The recently concluded China-Central Asia Summit—the first of its kind—reflects China’s Middle-Kingdom aspirations—aiming to restore China’s historical position of prominence and influence in world affairs. What helps China support its Middle-Kingdom aspirations—strategic, economic, and connectivity—in Central Asia is the veil of reviving the ancient ‘Silk Route’. As Beijing clears its intent in Central Asia amidst Russia’s critical strategic dependency on China due to sanctions from the West, Moscow’s position in the region may be altering.
At the first China-Central Asia Summit, Chinese President Xi Jinping presented a “vision of a China-central Asia community with a shared future” based on a development strategy for Central Asia involving infrastructure development to promote commerce as well as assuming new leadership in a region that has historically been under Russian sway.
With a total of 9 multilateral documents, 54 agreements, and 19 new mechanisms of cooperation signed, Beijing makes no mistake in conveying that the summit will have “an important and far-reaching influence on China’s relations with Central Asian countries, and carry global significance”.
The six parties—China and five central Asian republics—agreed to hold the summit biennially with the next one to be held in Kazakhstan in 2025. With the formalisation of the China-Central Asia Summit mechanism including the establishment of an official Secretariat in Beijing, China has also shown its long-term plan for the region.
Xi reiterated that China wants to “expand industrial and investment cooperation, further develop transport corridors connecting China and Central Asia, support the establishment of a China-Central Asia energy development partnership, encourage cooperation on high technologies, and ensure food security in the region.”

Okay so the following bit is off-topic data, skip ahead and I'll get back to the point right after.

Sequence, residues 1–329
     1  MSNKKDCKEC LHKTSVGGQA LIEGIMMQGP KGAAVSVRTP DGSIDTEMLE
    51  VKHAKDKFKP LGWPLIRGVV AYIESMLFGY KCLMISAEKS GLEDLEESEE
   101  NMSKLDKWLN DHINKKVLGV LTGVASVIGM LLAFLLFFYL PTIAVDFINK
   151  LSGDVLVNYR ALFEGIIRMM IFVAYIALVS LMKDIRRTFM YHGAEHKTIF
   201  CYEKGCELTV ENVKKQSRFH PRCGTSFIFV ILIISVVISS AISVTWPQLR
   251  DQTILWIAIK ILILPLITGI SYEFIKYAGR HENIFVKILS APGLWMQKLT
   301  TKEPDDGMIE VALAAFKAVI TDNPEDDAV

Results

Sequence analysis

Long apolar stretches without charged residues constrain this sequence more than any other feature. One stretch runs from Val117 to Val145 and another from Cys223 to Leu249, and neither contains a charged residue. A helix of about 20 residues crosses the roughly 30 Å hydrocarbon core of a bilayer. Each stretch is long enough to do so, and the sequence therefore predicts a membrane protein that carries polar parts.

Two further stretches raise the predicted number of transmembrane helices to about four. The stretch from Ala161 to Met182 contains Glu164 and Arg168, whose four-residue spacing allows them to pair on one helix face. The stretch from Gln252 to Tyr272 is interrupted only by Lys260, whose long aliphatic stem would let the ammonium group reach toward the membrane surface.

While China is already a critical economic player in Central Asia, its intent to expand deeper, emanates from its looming industrial and strategic needs which also include exploiting the rare earth minerals.
On the security front, China is undoubtedly clear with its intentions to lead in the region and fill the gap caused by the Russian invasion of Ukraine. In the Xi’an declaration, China and the Central Asian republics agreed to “combat all forms of terrorism, separatism, and extremism, as well as drug trafficking and transnational organized crimes (and)…step up cooperation on bio-security, cyber-security, and disaster relief, and continue to help the Afghan people to maintain security and stability, and realize peace and reconstruction.”
This crusader approach puts China in the lead role—at least in principle for now. At a time, the Russian invasion of Ukraine has weakened Moskov’s dominance in Central Asia, Beijing certainly finds it an opportune time to exploit the situation due to its geographical proximity, connectivity, trade, and security interests in the region. Also, China’s entry into Moscow’s backyard is an indicator of Beijing’s long-held quest to independently interact with former Soviet republics.
For decades, China’s engagement with Central Asia was predicated on Moscow’s backing of Beijing’s regional interests. That could be altering now.
On the other hand, by befriending Russia’s ‘not allies but better than allies’—China, the Central Asian republics are seeking a balancer in Beijing. Although Russia has positioned itself as a protector of Central Asian republics, there is a chance that Moscow may turn out to be a serious threat to them as the validity of Central Asian republics has repeatedly been questioned by Russia—often referring to them as ‘artificial nations’.
Putin’s grand vision of ‘Russkiy Mir’—emphasising Moscow’s responsibility to protect the Russian minority outside of its boundaries, continues to pose a threat to the Central Asian republics. These republics have a substantial ethnic Russian population which is often seen as a tangible base for Russian influence.
Thus, no surprise that none of the Central Asian republics have endorsed Russian aggression into Ukraine, though leaders of all-five republics stood alongside Putin as he decried the West for keeping Ukraine ‘hostage’ in his Victory Day speech on 09 May 2023.